"My friend, you must not be afraid. We are not going to hurt you. I know very well that you yourself are not the killer. But it is true that you know something about him — or about it. You've done nothing wrong. You didn't even take any of the money. You have no reason to be afraid to talk and to tell the truth. It is a matter of honor for you to tell all you know.

"So help me God! I...I'll tell you all I know. About a year ago our ship sailed to the Far East, to the island of Borneo. The forest there, the jungle, was thick with trees and other plants, and hot and wet and dark. My friend and I wanted to explore the strange place. So we did. There we saw the orangutan and caught it. And it returned with us to the ship. My friend died on the passage home. So, the animal became mine alone. I was keeping it in a cage in my house, here in Paris. I planned to sell it very soon. One night I came home and it was...it was loose. It had got free, I don't know how. It held a knife in its hands. It did not know of its dangers, of course. It was playing with it. As soon as the animal saw me it jumped up and ran from the house. I followed. It ran several blocks and turned a corner. When I made the same turn, the animal was out of sight. I looked far down the street and saw nothing. Then, I heard a noise above me. There was the beast, climbing a pole up the side of a house. It was maybe two meters up. I also went up the pole. As I am a sailor it was easy for me. When the animal was close to the top I saw him jump through an open window. I got to the same place but could not make the jump. I could see into the room, however, through another window, which was closed.

"The two women were sitting there, looking at papers from a box on the floor. The animal, knife still in hand made a noise and the old woman turned. That is when I heard the first of those terrible cries. I watched with horror as the animal attacked. Soon the two were dead and the room was a disaster. The orangutan then pushed the young woman's body up the chimney. It picked up the other victim, then, and moved toward the window. I realized what was coming and I fled. Down the pipe, I scrambled. At the bottom I heard the old woman's body hit the ground. I ran. I didn't look back. I ran! Oh, mon Dieu, mon Dieu!"

The police in Paris could not charge the sailor. His only wrongdoing was silence which is not a criminal offense, the police chief said.

However, the official did have a problem with Dupin. He was angry that Dupin and not a member of his force had solved the mystery. He said people should mind their own business.

"Let him complain. He'll feel better for it. And maybe learn something. Perhaps, he will never again say ‘Not possible!' about that which, somehow, must be possible."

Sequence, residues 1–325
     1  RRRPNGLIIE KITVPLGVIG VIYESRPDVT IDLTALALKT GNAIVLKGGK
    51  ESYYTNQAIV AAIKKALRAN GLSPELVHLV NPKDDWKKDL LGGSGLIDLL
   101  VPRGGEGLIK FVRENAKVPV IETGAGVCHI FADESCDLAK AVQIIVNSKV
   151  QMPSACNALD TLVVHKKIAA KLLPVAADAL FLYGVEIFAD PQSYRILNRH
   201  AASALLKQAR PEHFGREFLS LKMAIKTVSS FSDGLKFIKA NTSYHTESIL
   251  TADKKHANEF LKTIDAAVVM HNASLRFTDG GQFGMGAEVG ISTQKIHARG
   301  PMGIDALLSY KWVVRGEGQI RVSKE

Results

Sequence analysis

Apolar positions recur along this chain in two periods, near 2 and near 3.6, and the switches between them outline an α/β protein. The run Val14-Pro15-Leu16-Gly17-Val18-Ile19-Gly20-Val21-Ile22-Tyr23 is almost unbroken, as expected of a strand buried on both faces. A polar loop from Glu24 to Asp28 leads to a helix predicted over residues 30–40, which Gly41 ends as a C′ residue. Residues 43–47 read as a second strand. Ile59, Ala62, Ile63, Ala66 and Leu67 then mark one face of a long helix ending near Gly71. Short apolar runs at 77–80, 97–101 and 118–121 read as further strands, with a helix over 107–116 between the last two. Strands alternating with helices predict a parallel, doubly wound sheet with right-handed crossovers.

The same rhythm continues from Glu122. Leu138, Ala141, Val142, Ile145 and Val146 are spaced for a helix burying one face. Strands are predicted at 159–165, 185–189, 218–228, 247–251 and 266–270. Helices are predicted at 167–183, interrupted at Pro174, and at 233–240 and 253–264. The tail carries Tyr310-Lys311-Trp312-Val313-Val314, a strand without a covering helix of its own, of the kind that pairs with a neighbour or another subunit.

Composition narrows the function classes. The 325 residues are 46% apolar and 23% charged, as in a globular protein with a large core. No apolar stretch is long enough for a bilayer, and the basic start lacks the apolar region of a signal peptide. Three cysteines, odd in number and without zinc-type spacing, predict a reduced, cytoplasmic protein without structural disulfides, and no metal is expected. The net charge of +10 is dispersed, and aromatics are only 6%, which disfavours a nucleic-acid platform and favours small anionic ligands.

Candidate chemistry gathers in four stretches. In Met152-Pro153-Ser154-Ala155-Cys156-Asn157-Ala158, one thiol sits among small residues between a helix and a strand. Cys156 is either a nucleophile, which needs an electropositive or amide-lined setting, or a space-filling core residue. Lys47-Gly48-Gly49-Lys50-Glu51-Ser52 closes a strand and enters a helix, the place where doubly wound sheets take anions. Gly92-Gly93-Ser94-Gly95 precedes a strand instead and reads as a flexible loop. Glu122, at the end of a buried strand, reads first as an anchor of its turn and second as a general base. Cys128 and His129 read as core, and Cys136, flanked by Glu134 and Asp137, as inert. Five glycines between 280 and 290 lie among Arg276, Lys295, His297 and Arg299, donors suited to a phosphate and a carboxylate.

Download activities to help you understand this story here.

Now it's your turn to use the words in this story. Have you ever thought you knew the solution to a difficult or complex problem, but the solution was something far different than what you expected? What was that experience like? Let us know in the comments section or on our 51VOA.COM.

Words in This Story

stun(ned) – v. to surprise or upset someone very much

madmann. a man who has severe mental illness

cluen. something that helps a person find something, understand something, or solve a mystery or puzzle

hand(ed) – v. to give something to someone using your hands

neckn. the part of the body between the head and shoulders

enormousadj. very great in size or amount

twig(s) – n. a small branch of a tree or bush

orangutann. a large ape that has very long arms and reddish-brown hair

apen. a type of animal (such as a chimpanzee or gorilla) that is closely related to monkeys and humans and that is covered in hair and has no tail or a very short tail

redden(ed) – v. to make something red or to become red

stare(d) – v. to look at someone or something for a long time often with your eyes wide open

paleadj. having a skin color that is closer to white than is usual or normal

cagen. a box made of wire or metal bars in which people keep animals or birds

looseadj. (informal) – having escaped, such as an animal from a cage

cornern. the place where two streets or roads meet

beastn. a wild animal that is large, dangerous, or unusual

scramble(d) – v. to move or climb over something quickly especially while also using your hands

mind (their) own businessexpression. do not be so interested in what other people are doing. (The word "their" can be replaced with other personal pronouns, depending on the situation.)

complainv. to say or write that you are unhappy, sick, uncomfortable, or that you do not like something